The Association of Clinical Oral Microbiologists and College of General Dentistry, supported by the Association of Dental Hospitals, British Dental Association, Healthcare Improvement Scotland, British Association of Oral Surgery, British Society for Antimicrobial Chemotherapy, British & Irish Society for Oral Medicine, Faculty of Dental Surgery of the Royal College of Surgeons of England, Faculty of Dental Surgery of the Royal College of Surgeons of Edinburgh, and the Faculty of Dental Surgery of the Royal College of Physicians and Surgeons of Glasgow, are reminding patients that “antibiotics do not cure toothache”, and encouraging the dental team to adhere to best practice and only prescribe antibiotics as an adjunct to definitive clinical management of the cause when indicated according to national guidelines.1-2

Prudent prescribing of antimicrobials can slow down the development of antimicrobial resistance, and all healthcare prescribers play a vital role. The dental profession has shown its commitment to addressing antimicrobial resistance by significantly reducing the use of antibiotics over the last decade, both in dental practice and a hospital setting. Dental hospitals in the UK and Ireland reduced antibiotic prescriptions by 22% and 30% for therapeutic and prophylactic indications respectively between 2018 and 2020 (prior to the COVID-19 pandemic).

It has been reported that COVID-19 had a negative effect on the profession’s endeavours in improving antibiotic prescribing patterns. The organisations therefore encourage dental teams in both general practice and hospital settings to re-start auditing3 their practice of antibiotic prescribing against the recently updated national guidelines1-2, as this will help to reduce the use of antimicrobials and improve patient outcomes.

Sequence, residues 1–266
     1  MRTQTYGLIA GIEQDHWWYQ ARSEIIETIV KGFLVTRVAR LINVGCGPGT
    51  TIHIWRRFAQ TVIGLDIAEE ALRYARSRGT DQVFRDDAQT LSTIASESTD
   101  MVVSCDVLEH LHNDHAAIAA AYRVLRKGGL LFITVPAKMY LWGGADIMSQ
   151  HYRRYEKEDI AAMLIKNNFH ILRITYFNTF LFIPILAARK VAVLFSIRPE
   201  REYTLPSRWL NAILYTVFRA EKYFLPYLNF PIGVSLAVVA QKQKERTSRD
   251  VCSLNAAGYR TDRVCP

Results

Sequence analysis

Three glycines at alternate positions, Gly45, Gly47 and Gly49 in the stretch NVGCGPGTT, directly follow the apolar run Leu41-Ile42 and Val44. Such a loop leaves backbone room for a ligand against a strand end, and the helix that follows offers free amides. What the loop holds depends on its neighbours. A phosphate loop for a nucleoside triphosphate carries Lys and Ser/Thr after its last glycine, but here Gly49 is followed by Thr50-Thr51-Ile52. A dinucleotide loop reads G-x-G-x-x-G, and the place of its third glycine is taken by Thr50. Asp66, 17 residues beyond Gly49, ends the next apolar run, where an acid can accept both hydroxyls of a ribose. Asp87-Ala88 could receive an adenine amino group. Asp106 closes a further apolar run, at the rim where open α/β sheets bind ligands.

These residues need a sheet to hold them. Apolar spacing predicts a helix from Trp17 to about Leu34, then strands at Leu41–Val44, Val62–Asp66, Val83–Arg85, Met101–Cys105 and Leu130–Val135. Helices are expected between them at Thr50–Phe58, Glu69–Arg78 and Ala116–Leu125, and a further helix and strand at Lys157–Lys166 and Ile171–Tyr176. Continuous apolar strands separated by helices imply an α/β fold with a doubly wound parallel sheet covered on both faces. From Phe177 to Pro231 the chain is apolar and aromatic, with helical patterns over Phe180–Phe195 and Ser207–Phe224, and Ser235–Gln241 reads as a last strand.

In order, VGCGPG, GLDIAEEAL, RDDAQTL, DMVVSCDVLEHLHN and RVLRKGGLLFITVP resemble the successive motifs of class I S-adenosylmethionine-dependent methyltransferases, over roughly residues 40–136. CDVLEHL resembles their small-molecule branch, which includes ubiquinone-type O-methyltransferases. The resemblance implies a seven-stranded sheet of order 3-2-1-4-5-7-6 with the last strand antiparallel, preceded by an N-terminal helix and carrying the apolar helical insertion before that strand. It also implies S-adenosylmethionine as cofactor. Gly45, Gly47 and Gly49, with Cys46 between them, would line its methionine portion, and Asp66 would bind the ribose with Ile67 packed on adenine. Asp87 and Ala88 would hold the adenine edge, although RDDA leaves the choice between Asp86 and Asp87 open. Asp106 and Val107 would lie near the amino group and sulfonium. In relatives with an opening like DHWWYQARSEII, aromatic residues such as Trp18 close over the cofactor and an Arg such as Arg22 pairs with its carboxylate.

The successful management of acute dental infections requires accurate diagnosis and definitive treatment, and patients who have prompt access to emergency dental services have a much-reduced risk of developing life-threatening sepsis. Dental teams are encouraged to use the following resources to update their knowledge on the latest national recommendations on the use of antimicrobial agents in dentistry, and to audit their practice:

  1. Guidelines for antimicrobial prescribing in dentistry are available at and
  2. Guidance for antimicrobials in dentistry in Scotland are available at and
  3. Antimicrobial prescribing audit tools are available at and
  4. Other resources, including the Dental Antimicrobial Stewardship Toolkit, are available via and

In a recent blog for the College of General Dentistry, Dr Wendy Thompson, the College’s lead on Antimicrobial Resistance, says it’s time to reduce antibiotic prescribing in dentistry to pre-pandemic levels.

Wendy is also the guest speaker on our upcoming ‘Talking Standards’ webinar on Thursday 25 November, which will be looking at Antimicrobial Prescribing in Dentistry: Good Practice Guidelines. The event will be free to view live for all members of the dental professions, and CGDent members and ProDentalCPD subscribers can claim CPD hours for free and have access to the recording after the event. REGISTER HERE.